Miss Elizabeth Smith adjusted the buttons on her dress. She patted her neat, practical skirt releasing a billow of fine dust. It was everywhere. It was from the road, and the hills behind the town; it swept in with each breeze, it covered windows and fresh laundry and food just laid out for supper. It was always in your teeth and nose and eyes. It swirled in just-drawn well water.
Elizabeth decided to finally cross the road. A loose horse wandered across her path, with bridle and saddle, and with reigns dragging up yet more dust. It's owner was sleeping a few feet away, besotted drunk and snoring in a dry water trough. Elizabeth found a small sense of self-satisfaction when she thought of him waking up to find himself rather badly sunburnt from his lengthy midday nap. There was no other traffic. She headed towards the tinny player piano music coming from the saloon. When she reached the boards her smart leather boots echoed like a ticking grandfather clock in an empty room just after midnight. She stopped at the swinging doors, stood in silhouette. Shrill and deep voices laughed out from within. She pushed in.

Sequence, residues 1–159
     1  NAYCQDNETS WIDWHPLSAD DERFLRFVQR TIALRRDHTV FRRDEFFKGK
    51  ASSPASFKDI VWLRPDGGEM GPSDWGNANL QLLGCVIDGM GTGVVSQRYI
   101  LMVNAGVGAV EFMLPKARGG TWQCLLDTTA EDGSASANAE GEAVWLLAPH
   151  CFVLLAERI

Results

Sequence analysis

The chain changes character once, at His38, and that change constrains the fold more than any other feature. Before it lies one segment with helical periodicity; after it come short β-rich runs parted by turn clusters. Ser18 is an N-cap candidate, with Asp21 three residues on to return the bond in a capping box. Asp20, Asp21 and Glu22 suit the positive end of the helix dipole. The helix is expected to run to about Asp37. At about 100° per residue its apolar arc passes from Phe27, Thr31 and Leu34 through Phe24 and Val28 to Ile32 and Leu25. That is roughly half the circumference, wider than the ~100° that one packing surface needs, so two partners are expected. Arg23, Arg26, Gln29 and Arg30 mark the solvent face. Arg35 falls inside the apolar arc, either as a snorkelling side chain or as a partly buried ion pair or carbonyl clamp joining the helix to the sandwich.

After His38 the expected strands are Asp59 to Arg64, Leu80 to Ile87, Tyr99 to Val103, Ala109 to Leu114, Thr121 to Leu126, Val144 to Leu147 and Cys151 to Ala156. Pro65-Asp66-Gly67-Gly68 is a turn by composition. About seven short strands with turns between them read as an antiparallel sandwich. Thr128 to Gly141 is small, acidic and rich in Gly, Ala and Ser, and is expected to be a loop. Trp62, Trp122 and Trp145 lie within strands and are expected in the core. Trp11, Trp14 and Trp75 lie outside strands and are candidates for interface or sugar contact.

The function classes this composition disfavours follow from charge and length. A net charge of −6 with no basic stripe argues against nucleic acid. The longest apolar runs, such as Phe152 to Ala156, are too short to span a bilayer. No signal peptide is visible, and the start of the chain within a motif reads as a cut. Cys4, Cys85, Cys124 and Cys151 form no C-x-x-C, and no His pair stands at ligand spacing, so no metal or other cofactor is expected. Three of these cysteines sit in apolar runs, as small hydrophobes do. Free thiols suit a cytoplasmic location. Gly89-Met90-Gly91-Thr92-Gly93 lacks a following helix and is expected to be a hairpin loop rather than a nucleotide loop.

It took a moment for anyone to realize she was there.
"Ahem," she said. She wasn't sure how to address the saloon occupants, and they paid her no heed in any case, so she settled on "Dear neighbors," again no one looked her way, so louder she said, "Dear neighbors!" but found no response. Finally she put fingers to her lips and whistled as loudly as she could, as if she were summoning the pigs to their slop back at the farm in Liberty.